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    solve the following equation for -Pi<0<Pi
    sin4theta = cos 2theta

    I tried sin(2theta+2theta) but still

    Please provide full working.
    Thx
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    I reckon this'll work; I'll be using x instead of theta as it's more concise.

    sin(4x)=cos(2x)
    expand LHS using sin double angle formula
    2sin(2x)cos(2x)=cos(2x)
    divide both sides by cos(2x)
    2sin(2x)=1
    divide by two
    sin(2x)=1/2

    can you take it from here? (hint: I think there are four solutions in the range...)

    Note: I think this is right, but haven't done this for a while now...
    If it is wrong the error will be from dividing by cos(2x) - do reply and let me know if this is or isn't valid.

    Hope this helps!
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    (Original post by alan.accordion)
    I reckon this'll work; I'll be using x instead of theta as it's more concise.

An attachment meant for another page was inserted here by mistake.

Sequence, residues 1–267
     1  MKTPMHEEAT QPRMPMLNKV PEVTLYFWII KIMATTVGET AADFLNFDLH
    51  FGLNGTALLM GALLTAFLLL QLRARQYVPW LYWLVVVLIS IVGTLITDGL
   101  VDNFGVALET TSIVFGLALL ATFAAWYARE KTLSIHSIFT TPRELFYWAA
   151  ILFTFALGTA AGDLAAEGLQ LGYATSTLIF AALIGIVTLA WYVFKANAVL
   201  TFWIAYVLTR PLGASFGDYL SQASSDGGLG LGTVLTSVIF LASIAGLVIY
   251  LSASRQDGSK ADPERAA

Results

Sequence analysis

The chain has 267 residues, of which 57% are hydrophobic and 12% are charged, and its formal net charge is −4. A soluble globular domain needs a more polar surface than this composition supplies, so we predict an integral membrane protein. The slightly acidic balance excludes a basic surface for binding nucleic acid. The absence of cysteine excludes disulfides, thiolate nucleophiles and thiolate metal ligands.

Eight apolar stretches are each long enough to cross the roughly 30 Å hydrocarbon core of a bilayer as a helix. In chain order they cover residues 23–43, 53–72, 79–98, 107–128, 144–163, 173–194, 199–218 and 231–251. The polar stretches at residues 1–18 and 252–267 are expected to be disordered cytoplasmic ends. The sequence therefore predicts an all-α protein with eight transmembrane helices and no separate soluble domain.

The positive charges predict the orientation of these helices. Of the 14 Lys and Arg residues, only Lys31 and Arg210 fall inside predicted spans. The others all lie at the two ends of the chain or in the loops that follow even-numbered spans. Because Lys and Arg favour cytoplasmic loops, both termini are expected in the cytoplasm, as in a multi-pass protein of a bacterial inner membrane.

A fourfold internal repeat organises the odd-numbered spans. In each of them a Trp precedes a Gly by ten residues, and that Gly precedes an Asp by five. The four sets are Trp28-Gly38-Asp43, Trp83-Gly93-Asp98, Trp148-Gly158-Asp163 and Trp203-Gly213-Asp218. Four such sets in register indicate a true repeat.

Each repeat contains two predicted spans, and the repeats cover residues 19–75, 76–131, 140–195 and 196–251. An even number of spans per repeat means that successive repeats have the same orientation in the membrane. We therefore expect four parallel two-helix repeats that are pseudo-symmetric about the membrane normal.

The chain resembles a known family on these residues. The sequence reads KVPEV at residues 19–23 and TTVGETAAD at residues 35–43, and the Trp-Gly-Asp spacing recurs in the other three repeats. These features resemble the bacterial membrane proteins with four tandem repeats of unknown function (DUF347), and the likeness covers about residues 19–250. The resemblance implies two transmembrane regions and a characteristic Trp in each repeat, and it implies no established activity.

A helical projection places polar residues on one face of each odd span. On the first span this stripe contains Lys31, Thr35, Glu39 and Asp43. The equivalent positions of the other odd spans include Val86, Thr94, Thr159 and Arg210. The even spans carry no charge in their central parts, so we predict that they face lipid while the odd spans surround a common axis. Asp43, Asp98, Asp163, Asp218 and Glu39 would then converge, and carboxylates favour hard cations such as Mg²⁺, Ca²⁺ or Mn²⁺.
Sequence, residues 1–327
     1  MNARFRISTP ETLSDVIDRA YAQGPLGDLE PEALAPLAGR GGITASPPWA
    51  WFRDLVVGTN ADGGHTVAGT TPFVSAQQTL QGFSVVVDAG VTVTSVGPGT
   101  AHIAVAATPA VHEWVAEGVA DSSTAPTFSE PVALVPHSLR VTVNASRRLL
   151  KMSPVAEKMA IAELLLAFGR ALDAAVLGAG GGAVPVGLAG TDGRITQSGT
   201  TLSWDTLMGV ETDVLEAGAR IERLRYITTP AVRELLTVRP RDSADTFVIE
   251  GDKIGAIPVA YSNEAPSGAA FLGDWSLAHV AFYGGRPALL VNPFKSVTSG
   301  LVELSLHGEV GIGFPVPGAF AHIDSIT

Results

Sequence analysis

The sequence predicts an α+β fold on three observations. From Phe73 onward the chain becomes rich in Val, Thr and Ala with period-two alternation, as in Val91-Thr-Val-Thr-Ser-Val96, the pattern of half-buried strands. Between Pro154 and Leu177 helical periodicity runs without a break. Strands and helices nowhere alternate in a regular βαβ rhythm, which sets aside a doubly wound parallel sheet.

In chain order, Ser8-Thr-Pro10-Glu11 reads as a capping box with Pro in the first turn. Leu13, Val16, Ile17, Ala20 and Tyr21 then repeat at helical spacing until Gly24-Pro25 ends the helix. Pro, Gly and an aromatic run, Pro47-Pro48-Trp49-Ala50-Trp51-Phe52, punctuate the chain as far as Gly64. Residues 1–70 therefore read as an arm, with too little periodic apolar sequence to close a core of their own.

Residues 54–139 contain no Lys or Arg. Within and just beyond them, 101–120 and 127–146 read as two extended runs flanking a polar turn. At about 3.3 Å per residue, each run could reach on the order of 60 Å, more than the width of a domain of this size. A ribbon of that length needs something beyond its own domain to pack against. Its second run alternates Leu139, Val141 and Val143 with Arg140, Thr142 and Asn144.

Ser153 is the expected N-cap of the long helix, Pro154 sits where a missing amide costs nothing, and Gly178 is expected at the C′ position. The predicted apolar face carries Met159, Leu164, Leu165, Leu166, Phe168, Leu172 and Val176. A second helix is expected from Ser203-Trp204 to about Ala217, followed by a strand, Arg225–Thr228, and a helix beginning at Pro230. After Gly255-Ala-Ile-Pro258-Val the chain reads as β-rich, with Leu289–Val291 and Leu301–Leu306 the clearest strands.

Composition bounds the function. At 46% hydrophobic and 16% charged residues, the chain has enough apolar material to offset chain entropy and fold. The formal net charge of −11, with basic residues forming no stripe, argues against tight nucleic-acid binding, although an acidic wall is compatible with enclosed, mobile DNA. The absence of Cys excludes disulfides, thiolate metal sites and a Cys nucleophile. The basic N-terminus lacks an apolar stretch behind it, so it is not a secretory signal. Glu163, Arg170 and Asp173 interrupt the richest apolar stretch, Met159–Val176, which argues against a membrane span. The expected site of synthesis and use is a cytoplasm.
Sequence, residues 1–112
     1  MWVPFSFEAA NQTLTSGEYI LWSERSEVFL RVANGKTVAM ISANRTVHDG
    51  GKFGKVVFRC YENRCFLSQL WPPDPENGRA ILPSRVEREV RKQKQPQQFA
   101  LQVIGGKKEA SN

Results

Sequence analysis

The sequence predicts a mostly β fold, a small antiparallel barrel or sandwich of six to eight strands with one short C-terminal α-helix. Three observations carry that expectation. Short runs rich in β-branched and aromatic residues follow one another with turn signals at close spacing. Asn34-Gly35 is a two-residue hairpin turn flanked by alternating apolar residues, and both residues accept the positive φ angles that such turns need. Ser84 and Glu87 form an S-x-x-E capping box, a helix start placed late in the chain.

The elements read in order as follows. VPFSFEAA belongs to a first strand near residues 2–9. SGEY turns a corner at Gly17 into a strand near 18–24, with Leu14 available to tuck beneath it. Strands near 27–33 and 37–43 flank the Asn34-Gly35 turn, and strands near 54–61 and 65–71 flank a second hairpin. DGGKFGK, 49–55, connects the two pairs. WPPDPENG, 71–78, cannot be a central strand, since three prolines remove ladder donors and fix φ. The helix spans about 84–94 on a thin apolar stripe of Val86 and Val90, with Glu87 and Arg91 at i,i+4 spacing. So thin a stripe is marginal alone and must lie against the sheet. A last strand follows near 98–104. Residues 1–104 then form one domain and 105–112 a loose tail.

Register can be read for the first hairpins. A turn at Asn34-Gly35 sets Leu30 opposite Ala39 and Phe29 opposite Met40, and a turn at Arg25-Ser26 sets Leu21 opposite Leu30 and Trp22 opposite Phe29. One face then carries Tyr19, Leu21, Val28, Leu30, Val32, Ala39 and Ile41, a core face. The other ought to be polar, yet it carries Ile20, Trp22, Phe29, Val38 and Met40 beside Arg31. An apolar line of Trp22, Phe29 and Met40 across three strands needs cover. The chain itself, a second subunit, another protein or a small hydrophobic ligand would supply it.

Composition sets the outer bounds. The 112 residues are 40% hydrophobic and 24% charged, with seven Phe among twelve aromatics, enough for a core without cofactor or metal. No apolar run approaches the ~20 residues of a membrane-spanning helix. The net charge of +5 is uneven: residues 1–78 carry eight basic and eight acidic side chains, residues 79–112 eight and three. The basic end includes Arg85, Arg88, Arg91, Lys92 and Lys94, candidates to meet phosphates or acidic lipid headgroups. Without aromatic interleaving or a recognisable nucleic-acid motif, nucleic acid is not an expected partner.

sin(4x)=cos(2x)
    expand LHS using sin double angle formula
    2sin(2x)cos(2x)=cos(2x)
    divide both sides by cos(2x)
    2sin(2x)=1
    divide by two
    sin(2x)=1/2

    can you take it from here? (hint: I think there are four solutions in the range...)

    Note: I think this is right, but haven't done this for a while now...
    You can't (or shouldn't) divide by cos2x here. It's part of the answer you're looking for, so by dividing through by it, you're elminating (potentially) 2 solutions.

    I would keep extrapolating by using the double angle formulae. It will reduce, eventually, to an equation containing only one circle function.
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    (Original post by alan.accordion)
    I reckon this'll work; I'll be using x instead of theta as it's more concise.

    sin(4x)=cos(2x)
    expand LHS using sin double angle formula
    2sin(2x)cos(2x)=cos(2x)
    Up to here is right, but remember cos(2x) could be equal to 0 so you can't divide through by it.
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    (Original post by mufas)
    solve the following equation for -Pi<0<Pi
    sin4theta = cos 2theta

    I tried sin(2theta+2theta) but still

    Please provide full working.
    Thx
    did this in 30 secs :P. Not the solution but the method. Sin4A= 2sin(2A). Cos (2A)